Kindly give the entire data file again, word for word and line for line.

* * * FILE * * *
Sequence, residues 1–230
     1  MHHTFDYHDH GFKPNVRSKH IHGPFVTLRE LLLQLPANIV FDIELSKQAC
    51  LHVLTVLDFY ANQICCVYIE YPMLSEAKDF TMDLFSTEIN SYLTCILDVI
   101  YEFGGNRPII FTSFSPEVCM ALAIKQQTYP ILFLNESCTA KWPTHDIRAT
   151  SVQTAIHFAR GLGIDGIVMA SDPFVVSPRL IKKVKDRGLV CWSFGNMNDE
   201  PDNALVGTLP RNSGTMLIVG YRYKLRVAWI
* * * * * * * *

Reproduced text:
Sequence, residues 1–230
     1  MHHTFDYHDH GFKPNVRSKH IHGPFVTLRE LLLQLPANIV FDIELSKQAC
    51  LHVLTVLDFY ANQICCVYIE YPMLSEAKDF TMDLFSTEIN SYLTCILDVI
   101  YEFGGNRPII FTSFSPEVCM ALAIKQQTYP ILFLNESCTA KWPTHDIRAT
   151  SVQTAIHFAR GLGIDGIVMA SDPFVVSPRL IKKVKDRGLV CWSFGNMNDE
   201  PDNALVGTLP RNSGTMLIVG YRYKLRVAWI